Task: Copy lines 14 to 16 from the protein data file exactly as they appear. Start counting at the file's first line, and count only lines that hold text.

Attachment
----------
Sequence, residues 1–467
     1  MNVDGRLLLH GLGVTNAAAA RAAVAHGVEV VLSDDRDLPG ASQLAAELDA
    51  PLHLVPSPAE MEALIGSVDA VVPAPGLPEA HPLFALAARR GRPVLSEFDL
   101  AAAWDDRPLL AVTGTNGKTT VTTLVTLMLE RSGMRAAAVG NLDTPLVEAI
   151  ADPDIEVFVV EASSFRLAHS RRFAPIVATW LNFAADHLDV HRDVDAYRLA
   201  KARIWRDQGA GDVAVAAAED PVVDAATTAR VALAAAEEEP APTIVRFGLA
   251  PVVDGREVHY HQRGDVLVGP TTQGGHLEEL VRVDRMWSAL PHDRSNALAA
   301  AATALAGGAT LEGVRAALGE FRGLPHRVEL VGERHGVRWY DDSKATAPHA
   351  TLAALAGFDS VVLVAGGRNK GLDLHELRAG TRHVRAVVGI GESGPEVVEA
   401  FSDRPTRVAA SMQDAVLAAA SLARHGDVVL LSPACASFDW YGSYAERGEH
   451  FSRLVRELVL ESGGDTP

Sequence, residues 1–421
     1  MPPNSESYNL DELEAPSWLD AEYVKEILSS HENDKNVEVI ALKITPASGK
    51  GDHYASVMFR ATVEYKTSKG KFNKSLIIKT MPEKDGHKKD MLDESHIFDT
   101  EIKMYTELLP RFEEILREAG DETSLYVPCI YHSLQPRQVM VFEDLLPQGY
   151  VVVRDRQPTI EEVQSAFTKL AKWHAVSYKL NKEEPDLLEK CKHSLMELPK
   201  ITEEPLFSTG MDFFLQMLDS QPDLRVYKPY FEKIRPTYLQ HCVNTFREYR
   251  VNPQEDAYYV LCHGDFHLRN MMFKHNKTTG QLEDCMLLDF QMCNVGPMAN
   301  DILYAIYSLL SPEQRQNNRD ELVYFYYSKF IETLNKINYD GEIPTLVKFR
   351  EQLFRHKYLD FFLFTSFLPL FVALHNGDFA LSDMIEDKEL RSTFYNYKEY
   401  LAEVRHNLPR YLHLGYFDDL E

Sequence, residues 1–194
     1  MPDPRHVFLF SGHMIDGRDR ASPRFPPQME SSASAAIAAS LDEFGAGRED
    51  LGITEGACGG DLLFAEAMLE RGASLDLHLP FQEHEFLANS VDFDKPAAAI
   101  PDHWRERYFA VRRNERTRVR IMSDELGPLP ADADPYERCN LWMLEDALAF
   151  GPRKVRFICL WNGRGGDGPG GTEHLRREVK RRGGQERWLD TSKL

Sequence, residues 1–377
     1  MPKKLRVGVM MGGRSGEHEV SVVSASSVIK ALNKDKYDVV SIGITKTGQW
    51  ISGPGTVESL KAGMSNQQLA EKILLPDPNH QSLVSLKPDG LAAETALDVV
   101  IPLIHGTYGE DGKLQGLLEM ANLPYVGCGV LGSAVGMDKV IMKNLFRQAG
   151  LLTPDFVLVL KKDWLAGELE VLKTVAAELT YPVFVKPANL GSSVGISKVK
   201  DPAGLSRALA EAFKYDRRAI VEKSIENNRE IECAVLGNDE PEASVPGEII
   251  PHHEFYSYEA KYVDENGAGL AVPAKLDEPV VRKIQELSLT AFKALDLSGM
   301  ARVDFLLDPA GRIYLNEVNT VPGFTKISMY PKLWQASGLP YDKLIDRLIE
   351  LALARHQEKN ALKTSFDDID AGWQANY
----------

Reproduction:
    51  GDHYASVMFR ATVEYKTSKG KFNKSLIIKT MPEKDGHKKD MLDESHIFDT
   101  EIKMYTELLP RFEEILREAG DETSLYVPCI YHSLQPRQVM VFEDLLPQGY
   151  VVVRDRQPTI EEVQSAFTKL AKWHAVSYKL NKEEPDLLEK CKHSLMELPK